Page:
What Zillow Instant Offers Means for You

By on Jun 6, 2017 in Real Estate | 0 comments

Can you imagine real estate without the middleman? That theoretical world (as frightening or enlightening as it may be, depending on your point of view) may not be reality just yet, but a new program from Zillow has made the idea less abstract and a lot more possible. Zillow’s new Instant Offers initiative lets sellers use the Zillow platform as a way to list their homes, reach investors and solicit cash offers. So far, the pilot is only running in Las Vegas and Orlando, but if it takes off, Instant Offers could soon be live nationwide. Could this mean the end of real estate as we know it? Not so fast… The Ins and Outs of Instant Offers Here’s a brief rundown of Zillow’s initiative: Homeowners interested in Zillow Instant Offers contact the platform and get verified. The homeowners provide important information on their property, including square footage, the number of bedrooms and so on, and then uploads current photos of the home. Investors are able to see the listing and present offers. Those offers reach the homeowner within two business days of the homeowners’ listing/verification. As offers come in, the homeowners are also provided with a comparative market analysis, or CMA, courtesy of a local real estate agent. The homeowners can then compare the CMA to the investor offers and decide whether they want to accept or reject those offers. If an investor offer is selected, the homeowners schedule a free home inspection through Zillow. If no offers are accepted, the homeowners can list the property on the MLS with the agent’s assistance. According to Zillow, “Any investor offers and the CMA will include an overview of fees associated with each option to enable sellers to make an informed apples-to-apples comparison.” Changing the Game for Sellers If you’re looking to sell your home but feel some trepidation at approaching the transaction using the traditional model, Instant Offers could quickly connect you with investors and fast-track the entire process. It’s fast, it’s convenient and it comes with relatively little muss and fuss. The lack of staging and scheduling/arranging open houses could be all the incentive many people need. It’s a direct line to the people who are willing to...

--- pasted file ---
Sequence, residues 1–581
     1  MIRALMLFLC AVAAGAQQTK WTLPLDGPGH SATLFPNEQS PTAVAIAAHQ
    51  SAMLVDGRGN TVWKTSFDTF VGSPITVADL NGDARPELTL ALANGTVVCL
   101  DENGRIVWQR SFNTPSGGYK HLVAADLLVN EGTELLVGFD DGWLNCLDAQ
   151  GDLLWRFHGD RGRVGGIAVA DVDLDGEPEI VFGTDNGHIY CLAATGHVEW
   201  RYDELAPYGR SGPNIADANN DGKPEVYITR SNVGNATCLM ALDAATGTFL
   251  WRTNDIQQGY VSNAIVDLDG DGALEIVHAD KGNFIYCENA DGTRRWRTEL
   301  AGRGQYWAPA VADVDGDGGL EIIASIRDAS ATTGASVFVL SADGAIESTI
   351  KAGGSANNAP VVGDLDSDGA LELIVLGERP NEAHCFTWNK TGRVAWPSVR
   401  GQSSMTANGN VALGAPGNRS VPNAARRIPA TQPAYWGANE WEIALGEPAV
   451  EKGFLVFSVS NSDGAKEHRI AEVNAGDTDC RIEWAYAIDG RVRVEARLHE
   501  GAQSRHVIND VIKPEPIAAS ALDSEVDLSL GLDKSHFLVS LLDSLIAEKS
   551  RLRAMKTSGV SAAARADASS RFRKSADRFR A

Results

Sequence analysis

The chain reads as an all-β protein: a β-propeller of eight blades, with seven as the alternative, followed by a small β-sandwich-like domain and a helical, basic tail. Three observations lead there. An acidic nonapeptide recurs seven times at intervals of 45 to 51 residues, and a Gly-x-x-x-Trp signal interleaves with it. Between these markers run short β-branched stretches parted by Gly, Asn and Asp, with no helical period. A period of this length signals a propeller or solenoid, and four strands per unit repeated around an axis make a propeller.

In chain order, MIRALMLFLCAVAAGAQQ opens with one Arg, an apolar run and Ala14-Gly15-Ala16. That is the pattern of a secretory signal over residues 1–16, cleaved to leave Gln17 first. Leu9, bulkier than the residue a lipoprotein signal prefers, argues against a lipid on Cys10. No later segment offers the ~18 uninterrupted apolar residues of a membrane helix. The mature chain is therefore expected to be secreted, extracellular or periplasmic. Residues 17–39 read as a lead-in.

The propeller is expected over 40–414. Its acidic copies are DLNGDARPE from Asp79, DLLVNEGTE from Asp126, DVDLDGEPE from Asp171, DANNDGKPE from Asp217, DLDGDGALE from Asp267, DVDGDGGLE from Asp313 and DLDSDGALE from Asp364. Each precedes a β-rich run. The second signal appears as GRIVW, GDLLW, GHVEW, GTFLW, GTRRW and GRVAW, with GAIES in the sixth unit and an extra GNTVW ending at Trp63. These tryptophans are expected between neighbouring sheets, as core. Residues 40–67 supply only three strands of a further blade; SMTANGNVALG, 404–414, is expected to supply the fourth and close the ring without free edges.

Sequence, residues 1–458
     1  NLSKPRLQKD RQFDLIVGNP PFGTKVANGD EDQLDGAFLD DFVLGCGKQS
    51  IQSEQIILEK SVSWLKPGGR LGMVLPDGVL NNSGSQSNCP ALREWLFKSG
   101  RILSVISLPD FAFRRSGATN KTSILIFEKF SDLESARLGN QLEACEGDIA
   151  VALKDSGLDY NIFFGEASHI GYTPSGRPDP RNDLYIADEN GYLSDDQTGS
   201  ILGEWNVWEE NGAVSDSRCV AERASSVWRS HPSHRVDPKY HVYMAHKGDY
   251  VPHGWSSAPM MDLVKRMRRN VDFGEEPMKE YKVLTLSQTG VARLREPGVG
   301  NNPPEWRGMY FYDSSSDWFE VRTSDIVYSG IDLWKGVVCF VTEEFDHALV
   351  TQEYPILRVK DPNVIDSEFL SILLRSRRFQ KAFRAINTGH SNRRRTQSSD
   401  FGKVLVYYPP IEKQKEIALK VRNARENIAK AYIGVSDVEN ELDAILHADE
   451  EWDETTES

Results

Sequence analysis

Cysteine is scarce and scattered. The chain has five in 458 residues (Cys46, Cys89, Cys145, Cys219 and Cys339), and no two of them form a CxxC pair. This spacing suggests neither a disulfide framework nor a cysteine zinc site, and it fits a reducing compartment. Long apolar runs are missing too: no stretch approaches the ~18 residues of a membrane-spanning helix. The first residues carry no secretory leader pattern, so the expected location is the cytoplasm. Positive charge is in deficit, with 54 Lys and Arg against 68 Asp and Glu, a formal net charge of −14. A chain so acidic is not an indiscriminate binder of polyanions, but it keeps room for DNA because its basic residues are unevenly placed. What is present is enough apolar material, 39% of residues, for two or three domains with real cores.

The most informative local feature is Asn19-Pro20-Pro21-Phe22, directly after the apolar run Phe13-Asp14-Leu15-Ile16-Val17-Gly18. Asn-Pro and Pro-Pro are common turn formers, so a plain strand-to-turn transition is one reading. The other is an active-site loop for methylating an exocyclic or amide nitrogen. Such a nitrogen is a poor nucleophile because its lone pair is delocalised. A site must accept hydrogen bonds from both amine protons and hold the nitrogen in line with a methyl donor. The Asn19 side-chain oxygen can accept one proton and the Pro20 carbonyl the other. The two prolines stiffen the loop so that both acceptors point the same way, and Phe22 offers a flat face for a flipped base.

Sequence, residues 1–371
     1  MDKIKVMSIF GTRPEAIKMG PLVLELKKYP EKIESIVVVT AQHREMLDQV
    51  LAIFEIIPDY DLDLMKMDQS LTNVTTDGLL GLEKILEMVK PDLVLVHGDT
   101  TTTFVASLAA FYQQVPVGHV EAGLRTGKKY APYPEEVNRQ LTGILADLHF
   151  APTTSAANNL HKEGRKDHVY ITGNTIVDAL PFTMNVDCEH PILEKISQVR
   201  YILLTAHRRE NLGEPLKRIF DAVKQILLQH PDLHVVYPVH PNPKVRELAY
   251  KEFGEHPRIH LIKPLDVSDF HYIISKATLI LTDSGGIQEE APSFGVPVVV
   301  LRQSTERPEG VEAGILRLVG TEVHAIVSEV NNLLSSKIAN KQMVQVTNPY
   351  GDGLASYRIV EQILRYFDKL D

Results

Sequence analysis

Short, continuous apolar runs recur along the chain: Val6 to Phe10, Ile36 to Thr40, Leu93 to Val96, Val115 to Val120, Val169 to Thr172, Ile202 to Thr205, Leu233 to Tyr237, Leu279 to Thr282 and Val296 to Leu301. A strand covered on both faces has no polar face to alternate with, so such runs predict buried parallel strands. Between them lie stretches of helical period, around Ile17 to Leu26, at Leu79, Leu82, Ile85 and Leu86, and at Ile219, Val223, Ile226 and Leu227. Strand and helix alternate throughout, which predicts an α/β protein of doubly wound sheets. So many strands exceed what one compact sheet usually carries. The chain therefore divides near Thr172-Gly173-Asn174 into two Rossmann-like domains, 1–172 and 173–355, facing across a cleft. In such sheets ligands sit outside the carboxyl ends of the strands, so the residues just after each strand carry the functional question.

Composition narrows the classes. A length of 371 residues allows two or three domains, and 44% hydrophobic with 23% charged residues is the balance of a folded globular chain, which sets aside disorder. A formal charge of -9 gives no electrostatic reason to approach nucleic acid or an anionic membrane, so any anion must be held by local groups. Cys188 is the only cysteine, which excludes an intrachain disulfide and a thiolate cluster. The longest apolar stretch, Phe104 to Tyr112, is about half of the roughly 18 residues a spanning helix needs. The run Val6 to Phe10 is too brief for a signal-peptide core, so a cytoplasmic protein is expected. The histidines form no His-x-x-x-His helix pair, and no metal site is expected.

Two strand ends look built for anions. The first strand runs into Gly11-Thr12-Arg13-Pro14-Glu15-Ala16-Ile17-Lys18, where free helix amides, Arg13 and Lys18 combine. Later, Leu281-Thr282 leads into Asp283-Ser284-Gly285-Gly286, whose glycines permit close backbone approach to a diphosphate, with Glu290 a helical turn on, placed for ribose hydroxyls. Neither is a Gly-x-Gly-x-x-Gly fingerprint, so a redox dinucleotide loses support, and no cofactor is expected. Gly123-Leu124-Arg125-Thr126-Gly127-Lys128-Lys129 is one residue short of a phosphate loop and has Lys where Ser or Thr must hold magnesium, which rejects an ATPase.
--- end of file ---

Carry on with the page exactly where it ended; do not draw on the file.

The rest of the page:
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HOAs: The Good, the Bad and the Ugly

HOAs: The Good, the Bad and the Ugly

By on Apr 26, 2017 in Blog, Real Estate | 0 comments

Ask three people how they feel about their homeowners’ association (HOA), and you’re likely to get three different answers. These organizations, which are funded by monthly are annual dues paid by the neighborhood’s homeowners, are tasked with enforcing the community’s covenants, conditions and restrictions (CC&Rs) and seeing to the general upkeep of common areas. On paper, it seems like a great concept; in practice, results often vary. The Good For residents in search of extra amenities and neighbors with neatly mown lawns, HOAs can be a major selling point. Having a ban on broken-down cars in driveways and fines in place for neglected landscaping encourages a peaceful existence and helps keep property values and curb appeal intact. HOAs are often charged with managing perks such as a clubhouse, pool, gym or park area as well. If you’re purchasing a condo, your assessments may include utilities and trash pickup. Should residents run afoul of the CC&Rs, a graduated warning system is usually in place. The first violation may earn you a friendly letter, while failing to correct the issue is likely to result in exponential fines, all of which are significant deterrents. The Bad The flip side of HOA enforcement can range from inconvenient to downright nasty. You may have to get written permission, attend a board meeting or even petition your neighbors if you want to repaint your home, change your landscaping or even park on the street. HOAs often send teams out to do regular inspections and deliver notices of violations. While people may assume they’ll be exempt as long as they’re obeying the CC&Rs, constantly receiving mail detailing a stray weed or two or threatening fines for a garbage can that’s visible from the street can be stressful. Fighting HOAs is usually a losing battle. The industry boasts an annual operating revenue of about $35 billion — that’s a lot of money at stake and plenty of power to go with it. There are instances where residents have waged legal battles against HOA errors only to lose their homes due to fee tallies that totaling tens of thousands of dollars, and the HOA can actually record a lien on your property or even force a foreclosure for...

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Hybrid Real Estate Brokerages: Is This the Year the Paradigm Changes?